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Dapivirine vaginal ring gets nod for HIV prevention among women

Dapivirine vaginal ring

Kampala, Uganda |  THE INDEPENDENT | A vaginal ring that has been undergoing trials has been given approval by the European Medicines Agency to be used as an HIV prevention method among women who have tested negative.

The flexible vaginal ring which contains Dapivirine, an antiretroviral drug,  is inserted in the vagina and left there for 28 days. During this time, the ring continuously releases the antiretroviral drug to prevent HIV infections.

The ring has undergone three trials to determine its safety and efficacy. The trials include the ASPIRE and The Study drug trial that involved 4,500 women from Uganda, Zimbabwe, Malawi and South Africa. The trial in Uganda was conducted at sites in Masaka and Kampala, one led by the International Partnership on Microbicides and the other by the Microbicide Trials Network-MTN. 

At the end of the studies, scientists established that among women who appeared to use the ring most regularly, the HIV risk was cut by more than half across all analyses, and in some, by 75 per cent or more. The results from exploratory analyses of data suggest that even higher levels of protection can be achieved with regular and consistent use. 

Dr Joshua Musinguzi, the AIDS Control Programme Manager at the Ministry of Health says the results are welcome news and that will offer more protection for women. “This news is good. We have waited for it. The ring studies previously showed is effective and can help prevent new HIV infections better than other measures such as oral prep where adherence to the medication is an issue,” Dr Musinguzi said.

The AIDS Vaccine Advocacy Coalition (AVAC) welcomed the news from the European drug agency. Manju Chatani-Gada, the director of Partnership and Capacity Strengthening at AVAC says that approval of the ring will give women another option they can use to protect themselves.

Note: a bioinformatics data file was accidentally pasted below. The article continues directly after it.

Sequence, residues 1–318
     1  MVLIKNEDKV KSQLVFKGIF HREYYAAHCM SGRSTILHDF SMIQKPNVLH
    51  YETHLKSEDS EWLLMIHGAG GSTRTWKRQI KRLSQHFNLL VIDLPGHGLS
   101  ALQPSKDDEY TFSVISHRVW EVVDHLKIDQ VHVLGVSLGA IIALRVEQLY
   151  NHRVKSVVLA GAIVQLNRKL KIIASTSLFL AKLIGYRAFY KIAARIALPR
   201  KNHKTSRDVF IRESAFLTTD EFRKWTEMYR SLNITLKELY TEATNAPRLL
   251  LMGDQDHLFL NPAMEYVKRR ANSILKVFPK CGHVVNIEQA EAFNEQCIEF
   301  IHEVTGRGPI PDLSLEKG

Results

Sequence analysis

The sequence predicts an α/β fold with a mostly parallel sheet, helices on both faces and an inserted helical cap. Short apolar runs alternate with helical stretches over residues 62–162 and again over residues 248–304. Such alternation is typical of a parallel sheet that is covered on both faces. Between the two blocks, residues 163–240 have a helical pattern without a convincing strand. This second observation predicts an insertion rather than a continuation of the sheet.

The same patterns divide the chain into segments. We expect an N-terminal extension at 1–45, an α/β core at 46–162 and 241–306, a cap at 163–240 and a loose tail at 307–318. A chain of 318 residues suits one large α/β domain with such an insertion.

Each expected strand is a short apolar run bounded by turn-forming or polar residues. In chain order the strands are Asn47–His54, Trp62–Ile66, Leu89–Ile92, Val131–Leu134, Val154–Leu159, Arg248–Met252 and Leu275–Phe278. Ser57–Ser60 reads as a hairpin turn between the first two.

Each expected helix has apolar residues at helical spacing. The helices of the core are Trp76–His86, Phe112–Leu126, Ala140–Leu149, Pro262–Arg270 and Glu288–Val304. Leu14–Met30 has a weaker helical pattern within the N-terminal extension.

“This is a long-awaited day for the thousands of women in Africa, Europe and the US, who participated in clinical trials of the ring and those of us who have advocated for access to the ring and other women-initiated prevention options for over two decades. Women have been waiting for additional HIV prevention options that they can use discreetly and easily, and for many, the ring could be that product,” Chatani-Gada said.

Women account for nearly 80 per cent of adults with HIV in Sub Saharan Africa, where unprotected, heterosexual sex is the primary driver of the epidemic. Despite advances in preventing HIV, Women, young girls especially, still face a disproportionate risk and a number of current prevention options, including oral Pre-exposure prophylaxis –PrEP, may not be accessible or practical for them.

According to UNAIDS, Uganda recorded a total of 53,000 HIV new infections in 2018. 14,000  of these belonged to women.  Dr Musinguzi says the vaginal ring might lead to a reduction of new infections.



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